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Pediatrician explains why infants need baby formula instead of cow's milk

baby formula
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Many parents ask why they can't feed their baby regular cow's milk instead of breast milk or formula.

There are two main reasons: Infants cannot digest as completely or easily as they digest or . More importantly, cow's milk is not a source of complete nutrition for babies under age 1, since it does not contain enough of certain nutrients they need.

Cow's milk contains high concentrations of protein and minerals, which can stress a newborn's immature kidneys. This can cause if your baby gets a fever, diarrhea or heat stress.

In addition, cow's milk lacks the proper amounts of iron, vitamin C and other nutrients that infants need. Cow's milk also does not contain the healthiest types of fat for growing babies.

It may even cause iron-deficiency anemia in some babies because cow's milk protein can irritate the lining of the stomach and intestine. This can lead to the loss of blood, from small amounts you can't see all the way to bloody stools.

For these reasons, your baby should not receive any cow's milk (or other non-human milk or a milk substitute ) until they are about 12 months of age unless no alternative is available.

Once your baby is past a year old, you may give them pasteurized whole cow's milk or reduced-fat (2%) milk, provided they have a balanced diet of solid foods (cereals, vegetables, fruits and meats). But limit their intake of milk to 2 cups (about 16 ounces) per day or less. More than 24 ounces a day has been associated with if toddlers aren't getting enough other healthy iron-rich foods.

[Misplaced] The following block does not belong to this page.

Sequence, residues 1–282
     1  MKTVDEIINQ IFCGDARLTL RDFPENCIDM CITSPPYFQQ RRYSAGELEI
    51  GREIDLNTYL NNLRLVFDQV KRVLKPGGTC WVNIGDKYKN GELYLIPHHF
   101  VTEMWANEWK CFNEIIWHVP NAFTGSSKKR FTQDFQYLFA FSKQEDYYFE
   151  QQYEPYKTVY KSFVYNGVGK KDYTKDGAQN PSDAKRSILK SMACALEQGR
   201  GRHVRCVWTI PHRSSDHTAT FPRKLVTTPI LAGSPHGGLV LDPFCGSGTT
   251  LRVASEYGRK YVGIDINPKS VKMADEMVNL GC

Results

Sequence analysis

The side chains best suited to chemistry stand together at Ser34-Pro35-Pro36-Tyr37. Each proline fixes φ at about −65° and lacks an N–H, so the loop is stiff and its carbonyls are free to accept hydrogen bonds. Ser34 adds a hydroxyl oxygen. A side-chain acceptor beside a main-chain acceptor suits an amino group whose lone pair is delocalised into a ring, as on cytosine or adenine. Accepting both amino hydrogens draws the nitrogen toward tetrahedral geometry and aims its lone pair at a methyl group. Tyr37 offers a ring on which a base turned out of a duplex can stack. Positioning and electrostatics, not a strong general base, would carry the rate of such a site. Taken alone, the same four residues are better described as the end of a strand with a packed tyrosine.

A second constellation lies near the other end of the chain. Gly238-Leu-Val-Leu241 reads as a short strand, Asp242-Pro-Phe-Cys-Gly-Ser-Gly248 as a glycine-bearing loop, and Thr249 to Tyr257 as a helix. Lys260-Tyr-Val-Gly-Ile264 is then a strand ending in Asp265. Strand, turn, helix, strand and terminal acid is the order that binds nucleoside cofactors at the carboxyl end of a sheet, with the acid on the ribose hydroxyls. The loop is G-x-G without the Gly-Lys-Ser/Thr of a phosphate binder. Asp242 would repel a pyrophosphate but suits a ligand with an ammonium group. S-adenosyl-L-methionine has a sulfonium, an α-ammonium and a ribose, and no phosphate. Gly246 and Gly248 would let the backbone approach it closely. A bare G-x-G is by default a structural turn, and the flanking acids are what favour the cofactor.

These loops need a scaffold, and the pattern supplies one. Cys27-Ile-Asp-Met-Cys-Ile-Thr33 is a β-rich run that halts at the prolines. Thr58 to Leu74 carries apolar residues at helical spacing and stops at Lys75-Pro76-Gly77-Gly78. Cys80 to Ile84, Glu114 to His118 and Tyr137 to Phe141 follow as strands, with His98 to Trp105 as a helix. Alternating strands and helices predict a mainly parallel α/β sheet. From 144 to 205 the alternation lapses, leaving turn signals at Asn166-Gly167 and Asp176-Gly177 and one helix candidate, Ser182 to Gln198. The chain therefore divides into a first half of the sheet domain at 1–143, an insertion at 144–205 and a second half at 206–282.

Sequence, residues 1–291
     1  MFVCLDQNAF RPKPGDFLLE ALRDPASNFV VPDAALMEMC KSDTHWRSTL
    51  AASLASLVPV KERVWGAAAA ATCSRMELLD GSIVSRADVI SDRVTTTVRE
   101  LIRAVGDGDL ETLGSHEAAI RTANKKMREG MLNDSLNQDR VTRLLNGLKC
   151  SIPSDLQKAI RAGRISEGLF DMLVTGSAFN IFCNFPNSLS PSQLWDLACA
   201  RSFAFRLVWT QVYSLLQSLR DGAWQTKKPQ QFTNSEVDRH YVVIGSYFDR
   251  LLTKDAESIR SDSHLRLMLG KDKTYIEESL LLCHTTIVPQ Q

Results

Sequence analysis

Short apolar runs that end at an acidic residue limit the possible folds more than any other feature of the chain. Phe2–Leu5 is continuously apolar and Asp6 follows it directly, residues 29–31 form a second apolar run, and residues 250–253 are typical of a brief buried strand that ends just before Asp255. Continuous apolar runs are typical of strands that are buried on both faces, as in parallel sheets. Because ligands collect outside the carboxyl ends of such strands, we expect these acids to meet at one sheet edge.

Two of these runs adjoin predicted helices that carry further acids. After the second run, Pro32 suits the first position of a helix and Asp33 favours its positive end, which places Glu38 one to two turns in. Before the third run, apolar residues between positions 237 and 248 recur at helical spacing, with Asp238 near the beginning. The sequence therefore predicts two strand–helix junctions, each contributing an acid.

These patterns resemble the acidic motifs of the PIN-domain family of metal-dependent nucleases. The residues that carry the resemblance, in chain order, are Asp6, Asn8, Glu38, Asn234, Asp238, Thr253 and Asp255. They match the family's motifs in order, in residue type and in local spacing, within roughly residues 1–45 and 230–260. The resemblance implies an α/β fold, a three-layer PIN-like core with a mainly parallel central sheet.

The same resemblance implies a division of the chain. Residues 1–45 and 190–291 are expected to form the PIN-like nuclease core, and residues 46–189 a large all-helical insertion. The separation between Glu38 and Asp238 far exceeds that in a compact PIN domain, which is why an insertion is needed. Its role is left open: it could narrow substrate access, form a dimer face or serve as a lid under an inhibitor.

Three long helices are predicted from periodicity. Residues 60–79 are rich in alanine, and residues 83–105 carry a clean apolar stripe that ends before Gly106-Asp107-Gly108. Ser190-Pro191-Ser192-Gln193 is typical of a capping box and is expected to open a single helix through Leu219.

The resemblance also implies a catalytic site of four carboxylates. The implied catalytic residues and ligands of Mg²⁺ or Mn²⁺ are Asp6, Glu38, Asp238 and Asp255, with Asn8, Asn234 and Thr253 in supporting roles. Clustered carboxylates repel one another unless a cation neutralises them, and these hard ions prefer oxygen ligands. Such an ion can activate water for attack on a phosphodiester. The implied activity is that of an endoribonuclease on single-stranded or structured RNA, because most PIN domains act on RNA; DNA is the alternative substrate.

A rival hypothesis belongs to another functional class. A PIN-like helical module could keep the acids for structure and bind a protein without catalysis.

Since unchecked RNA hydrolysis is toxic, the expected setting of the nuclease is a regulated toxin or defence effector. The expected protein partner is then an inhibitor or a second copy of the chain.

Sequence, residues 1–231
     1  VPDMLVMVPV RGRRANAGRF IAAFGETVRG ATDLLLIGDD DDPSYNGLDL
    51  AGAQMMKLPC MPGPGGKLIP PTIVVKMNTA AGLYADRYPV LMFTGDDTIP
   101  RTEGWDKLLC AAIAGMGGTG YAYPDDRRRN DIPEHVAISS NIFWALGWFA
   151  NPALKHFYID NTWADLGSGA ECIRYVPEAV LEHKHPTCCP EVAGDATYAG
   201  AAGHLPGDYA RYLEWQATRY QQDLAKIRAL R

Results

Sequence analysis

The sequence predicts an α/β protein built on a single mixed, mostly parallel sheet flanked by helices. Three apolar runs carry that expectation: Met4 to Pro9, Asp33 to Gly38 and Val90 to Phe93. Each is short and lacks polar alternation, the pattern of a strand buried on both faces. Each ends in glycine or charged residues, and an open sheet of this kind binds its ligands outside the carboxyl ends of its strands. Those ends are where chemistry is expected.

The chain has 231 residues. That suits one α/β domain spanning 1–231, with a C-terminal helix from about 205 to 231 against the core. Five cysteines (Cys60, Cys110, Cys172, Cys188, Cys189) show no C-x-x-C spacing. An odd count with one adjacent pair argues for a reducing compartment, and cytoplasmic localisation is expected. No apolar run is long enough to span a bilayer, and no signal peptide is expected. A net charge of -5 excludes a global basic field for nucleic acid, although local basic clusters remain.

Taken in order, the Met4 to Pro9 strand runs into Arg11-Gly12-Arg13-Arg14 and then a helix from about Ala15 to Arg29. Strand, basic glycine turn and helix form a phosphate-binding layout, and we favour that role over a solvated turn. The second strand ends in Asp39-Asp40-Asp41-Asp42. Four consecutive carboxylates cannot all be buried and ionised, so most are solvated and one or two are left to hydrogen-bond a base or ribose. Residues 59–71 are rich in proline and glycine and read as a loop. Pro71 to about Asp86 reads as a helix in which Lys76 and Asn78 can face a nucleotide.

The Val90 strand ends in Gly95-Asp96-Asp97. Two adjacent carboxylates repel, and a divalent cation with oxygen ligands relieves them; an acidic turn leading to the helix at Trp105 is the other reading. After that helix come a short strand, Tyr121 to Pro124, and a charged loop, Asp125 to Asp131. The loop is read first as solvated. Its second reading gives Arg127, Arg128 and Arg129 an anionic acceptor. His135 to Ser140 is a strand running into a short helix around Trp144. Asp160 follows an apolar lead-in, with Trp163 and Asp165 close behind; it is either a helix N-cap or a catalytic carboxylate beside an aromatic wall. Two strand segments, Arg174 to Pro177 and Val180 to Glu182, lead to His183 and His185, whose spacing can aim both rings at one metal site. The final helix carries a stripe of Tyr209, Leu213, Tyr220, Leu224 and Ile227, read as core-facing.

If your baby is not yet eating a broad range of solid foods, talk to your pediatrician about the best nutrition for them.

At this age, children still need a higher fat content, which is why whole vitamin D-fortified milk is recommended for most children after turning 1. If your child is or is at risk for being overweight, or if there is a family history of obesity, or , your pediatrician may recommend 2% (reduced-fat) milk.

Do not give your baby 1% (low-fat) or nonfat (skimmed) milk before their second birthday, as it does not contain enough fat for brain development. After two years of age, you should discuss your child's nutritional needs with your pediatrician. However, many children at this age can transition to lower-fat milk if that is what your family uses.

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Citation: Pediatrician explains why infants need baby formula instead of cow's milk (2024, May 20) retrieved 25 July 2024 from
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